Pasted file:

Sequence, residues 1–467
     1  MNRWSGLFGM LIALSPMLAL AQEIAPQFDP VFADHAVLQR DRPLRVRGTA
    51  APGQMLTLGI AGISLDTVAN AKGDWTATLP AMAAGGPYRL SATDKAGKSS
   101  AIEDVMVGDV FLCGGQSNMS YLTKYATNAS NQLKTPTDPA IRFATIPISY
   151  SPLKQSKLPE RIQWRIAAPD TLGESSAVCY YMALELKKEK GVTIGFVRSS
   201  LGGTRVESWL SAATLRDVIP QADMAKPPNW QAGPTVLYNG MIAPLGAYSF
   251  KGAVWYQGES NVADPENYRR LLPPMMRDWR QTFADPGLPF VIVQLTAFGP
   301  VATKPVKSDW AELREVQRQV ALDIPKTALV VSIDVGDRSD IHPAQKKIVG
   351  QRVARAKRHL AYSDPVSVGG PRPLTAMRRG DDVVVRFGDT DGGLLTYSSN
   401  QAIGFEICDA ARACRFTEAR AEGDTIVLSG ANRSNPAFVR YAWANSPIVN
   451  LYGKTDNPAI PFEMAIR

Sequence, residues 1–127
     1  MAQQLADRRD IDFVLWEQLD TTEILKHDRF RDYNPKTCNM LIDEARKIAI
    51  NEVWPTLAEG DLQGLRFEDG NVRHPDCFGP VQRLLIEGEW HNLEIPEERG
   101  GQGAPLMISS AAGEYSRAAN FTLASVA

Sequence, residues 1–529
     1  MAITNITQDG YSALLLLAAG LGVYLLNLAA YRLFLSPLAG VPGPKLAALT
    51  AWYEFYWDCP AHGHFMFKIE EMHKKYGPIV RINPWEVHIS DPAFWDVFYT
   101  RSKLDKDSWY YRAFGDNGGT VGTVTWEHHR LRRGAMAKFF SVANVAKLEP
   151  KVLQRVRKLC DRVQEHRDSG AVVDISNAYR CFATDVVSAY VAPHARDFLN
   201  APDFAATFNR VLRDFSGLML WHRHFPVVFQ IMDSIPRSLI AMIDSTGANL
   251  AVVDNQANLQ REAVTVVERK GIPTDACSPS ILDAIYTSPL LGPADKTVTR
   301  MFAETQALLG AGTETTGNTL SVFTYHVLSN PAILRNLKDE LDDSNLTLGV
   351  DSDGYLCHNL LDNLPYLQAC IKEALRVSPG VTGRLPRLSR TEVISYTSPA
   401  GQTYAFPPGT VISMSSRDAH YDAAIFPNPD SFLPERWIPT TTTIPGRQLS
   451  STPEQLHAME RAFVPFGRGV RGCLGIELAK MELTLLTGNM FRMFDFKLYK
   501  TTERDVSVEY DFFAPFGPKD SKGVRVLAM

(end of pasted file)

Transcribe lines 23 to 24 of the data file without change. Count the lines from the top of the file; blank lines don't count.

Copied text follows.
   301  MFAETQALLG AGTETTGNTL SVFTYHVLSN PAILRNLKDE LDDSNLTLGV
   351  DSDGYLCHNL LDNLPYLQAC IKEALRVSPG VTGRLPRLSR TEVISYTSPA